Ageism is a social attitude. It is way of looking at older people that stereotypes them, just as people of particular races are stereotyped as being “smart”, “industrious”, “thrifty”, “lazy”, or “easy going” or when men and women are stereotyped as being “strong”, “nurturing” or “sensitive” because of their gender.
Ageism is also part of attitudes where people believe that older adults can be treated in demeaning ways. Many people note that as they grow older and as they reach certain age milestones, (age 65 being one of them), others begin to treat them differently. Their attitudes change. In many cases, being treated differently means being treated as “less”— less valued, less capable etc. Or they are stereotyped. That is ageism. Ageism is also reflected when younger persons implicitly or explicitly act as if they are more entitled to family or social resources than older adults are.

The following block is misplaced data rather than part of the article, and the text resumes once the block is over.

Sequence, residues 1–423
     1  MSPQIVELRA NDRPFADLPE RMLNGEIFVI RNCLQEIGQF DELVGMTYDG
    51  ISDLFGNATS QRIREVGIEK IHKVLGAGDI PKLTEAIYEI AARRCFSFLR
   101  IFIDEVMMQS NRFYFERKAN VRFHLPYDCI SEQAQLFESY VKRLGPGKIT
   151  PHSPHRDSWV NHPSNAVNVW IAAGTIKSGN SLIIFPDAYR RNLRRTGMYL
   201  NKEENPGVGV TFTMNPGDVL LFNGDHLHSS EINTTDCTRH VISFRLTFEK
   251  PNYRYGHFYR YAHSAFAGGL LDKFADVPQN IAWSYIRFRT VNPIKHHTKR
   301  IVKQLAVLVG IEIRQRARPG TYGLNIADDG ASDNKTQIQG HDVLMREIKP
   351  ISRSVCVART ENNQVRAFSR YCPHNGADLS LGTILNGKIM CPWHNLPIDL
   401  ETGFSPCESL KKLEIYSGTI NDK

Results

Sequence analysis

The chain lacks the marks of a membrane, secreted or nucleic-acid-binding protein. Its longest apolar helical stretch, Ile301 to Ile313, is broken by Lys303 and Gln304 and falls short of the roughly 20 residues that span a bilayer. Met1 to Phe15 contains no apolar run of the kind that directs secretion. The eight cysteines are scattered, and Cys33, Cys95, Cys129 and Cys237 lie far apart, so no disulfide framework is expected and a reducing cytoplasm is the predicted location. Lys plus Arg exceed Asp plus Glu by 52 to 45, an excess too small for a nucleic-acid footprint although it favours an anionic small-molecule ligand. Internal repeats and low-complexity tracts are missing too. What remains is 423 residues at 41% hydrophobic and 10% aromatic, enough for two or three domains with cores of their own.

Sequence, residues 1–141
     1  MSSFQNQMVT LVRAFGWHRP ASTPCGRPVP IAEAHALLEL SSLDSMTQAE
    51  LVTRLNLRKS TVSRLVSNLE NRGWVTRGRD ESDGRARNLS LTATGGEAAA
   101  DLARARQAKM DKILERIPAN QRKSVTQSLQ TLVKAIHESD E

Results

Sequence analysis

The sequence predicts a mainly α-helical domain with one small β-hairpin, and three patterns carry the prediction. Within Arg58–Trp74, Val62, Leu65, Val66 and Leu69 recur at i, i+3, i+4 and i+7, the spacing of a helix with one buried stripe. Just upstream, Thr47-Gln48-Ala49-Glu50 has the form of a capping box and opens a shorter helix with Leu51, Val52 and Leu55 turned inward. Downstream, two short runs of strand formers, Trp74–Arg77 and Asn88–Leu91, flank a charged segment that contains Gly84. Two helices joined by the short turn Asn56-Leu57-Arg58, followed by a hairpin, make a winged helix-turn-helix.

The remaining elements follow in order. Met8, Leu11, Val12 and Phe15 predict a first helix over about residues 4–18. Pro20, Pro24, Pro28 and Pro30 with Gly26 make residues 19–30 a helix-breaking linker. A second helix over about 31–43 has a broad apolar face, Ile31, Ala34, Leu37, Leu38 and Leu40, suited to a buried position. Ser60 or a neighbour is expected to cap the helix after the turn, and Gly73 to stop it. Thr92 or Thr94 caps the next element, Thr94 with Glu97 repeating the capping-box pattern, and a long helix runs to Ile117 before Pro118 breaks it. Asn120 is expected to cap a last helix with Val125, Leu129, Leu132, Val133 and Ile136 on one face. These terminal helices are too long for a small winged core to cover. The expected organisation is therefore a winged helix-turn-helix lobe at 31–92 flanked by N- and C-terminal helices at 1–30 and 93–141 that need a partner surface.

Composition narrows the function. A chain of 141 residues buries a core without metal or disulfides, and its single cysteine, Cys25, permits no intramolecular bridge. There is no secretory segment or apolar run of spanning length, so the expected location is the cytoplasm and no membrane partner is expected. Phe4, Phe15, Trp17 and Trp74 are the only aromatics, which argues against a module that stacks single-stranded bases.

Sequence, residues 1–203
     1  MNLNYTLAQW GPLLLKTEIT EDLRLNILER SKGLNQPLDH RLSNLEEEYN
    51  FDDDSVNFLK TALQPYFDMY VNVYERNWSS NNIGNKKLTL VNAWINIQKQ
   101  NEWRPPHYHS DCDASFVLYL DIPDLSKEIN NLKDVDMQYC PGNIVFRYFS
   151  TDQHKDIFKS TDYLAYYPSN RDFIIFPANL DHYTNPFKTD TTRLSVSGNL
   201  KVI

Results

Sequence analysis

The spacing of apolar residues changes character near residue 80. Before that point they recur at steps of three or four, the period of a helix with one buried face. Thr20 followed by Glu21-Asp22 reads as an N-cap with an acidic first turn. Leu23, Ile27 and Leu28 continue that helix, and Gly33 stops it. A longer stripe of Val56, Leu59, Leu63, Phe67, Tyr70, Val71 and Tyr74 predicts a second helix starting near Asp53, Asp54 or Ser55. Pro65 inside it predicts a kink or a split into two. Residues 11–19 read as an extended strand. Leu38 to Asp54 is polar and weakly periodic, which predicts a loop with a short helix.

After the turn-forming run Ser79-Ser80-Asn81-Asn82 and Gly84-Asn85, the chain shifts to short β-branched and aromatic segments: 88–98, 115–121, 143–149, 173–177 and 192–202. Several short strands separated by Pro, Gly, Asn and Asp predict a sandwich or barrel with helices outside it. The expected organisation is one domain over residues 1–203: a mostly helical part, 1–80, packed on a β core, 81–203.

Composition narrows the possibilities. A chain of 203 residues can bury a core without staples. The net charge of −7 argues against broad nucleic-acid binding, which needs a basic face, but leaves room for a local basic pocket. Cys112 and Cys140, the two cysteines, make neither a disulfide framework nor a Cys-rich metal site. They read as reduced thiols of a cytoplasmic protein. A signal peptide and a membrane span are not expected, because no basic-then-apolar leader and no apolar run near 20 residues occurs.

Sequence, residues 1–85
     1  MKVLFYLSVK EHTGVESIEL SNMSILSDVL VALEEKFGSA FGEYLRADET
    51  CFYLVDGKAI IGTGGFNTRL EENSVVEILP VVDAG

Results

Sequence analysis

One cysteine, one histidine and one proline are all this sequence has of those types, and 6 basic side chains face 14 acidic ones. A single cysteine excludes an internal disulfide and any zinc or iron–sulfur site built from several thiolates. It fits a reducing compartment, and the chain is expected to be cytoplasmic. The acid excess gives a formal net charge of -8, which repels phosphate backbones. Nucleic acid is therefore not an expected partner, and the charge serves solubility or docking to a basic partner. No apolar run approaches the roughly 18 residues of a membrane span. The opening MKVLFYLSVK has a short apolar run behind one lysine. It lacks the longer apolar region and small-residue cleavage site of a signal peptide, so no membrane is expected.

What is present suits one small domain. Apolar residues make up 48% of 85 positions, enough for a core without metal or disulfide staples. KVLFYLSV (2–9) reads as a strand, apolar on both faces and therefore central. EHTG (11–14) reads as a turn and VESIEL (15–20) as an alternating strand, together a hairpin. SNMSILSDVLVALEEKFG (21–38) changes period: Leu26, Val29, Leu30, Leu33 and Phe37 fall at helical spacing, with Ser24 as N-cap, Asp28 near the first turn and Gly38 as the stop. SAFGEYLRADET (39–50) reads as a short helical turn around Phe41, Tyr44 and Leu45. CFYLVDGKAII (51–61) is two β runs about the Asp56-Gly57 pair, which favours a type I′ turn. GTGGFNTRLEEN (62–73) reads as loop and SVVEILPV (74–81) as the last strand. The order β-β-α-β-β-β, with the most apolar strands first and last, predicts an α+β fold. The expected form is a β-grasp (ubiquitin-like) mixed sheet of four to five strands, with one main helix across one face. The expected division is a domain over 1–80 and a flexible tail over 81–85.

Retrieved March 2009 from the Canadian Network for the Prevention of Elder Abuse
The Mental Health Strategy for Canada (2012) “Recommendations for Actions”:
- Counter the impact of age discrimination on mental health
- Help older adults to participate in meaningful activies, sustain relationships and maintain good physical health, and
- Increase the capacity of older adults, their families, and those who work with them to identify mental illness, dementia, elder abuse, and risk of suicide, and intervene early when problems first emerge.